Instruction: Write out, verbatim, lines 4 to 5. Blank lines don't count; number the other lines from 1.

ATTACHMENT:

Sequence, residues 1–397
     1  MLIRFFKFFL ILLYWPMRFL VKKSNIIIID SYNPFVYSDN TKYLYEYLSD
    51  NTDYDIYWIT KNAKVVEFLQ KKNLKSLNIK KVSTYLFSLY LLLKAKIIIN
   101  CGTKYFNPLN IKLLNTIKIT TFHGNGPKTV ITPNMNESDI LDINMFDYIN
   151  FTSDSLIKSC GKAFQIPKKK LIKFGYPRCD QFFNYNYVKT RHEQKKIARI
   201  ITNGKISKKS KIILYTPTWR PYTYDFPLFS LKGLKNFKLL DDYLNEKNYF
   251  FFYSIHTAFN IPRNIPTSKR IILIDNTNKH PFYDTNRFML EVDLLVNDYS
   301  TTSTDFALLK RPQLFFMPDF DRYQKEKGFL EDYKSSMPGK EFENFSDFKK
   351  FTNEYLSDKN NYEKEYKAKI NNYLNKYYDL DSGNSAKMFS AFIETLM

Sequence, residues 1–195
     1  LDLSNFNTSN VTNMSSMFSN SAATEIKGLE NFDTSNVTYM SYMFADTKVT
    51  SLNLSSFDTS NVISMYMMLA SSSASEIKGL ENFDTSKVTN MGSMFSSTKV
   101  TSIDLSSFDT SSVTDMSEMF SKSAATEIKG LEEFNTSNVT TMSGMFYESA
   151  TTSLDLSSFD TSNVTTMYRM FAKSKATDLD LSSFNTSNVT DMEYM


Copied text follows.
   101  CGTKYFNPLN IKLLNTIKIT TFHGNGPKTV ITPNMNESDI LDINMFDYIN
   151  FTSDSLIKSC GKAFQIPKKK LIKFGYPRCD QFFNYNYVKT RHEQKKIARI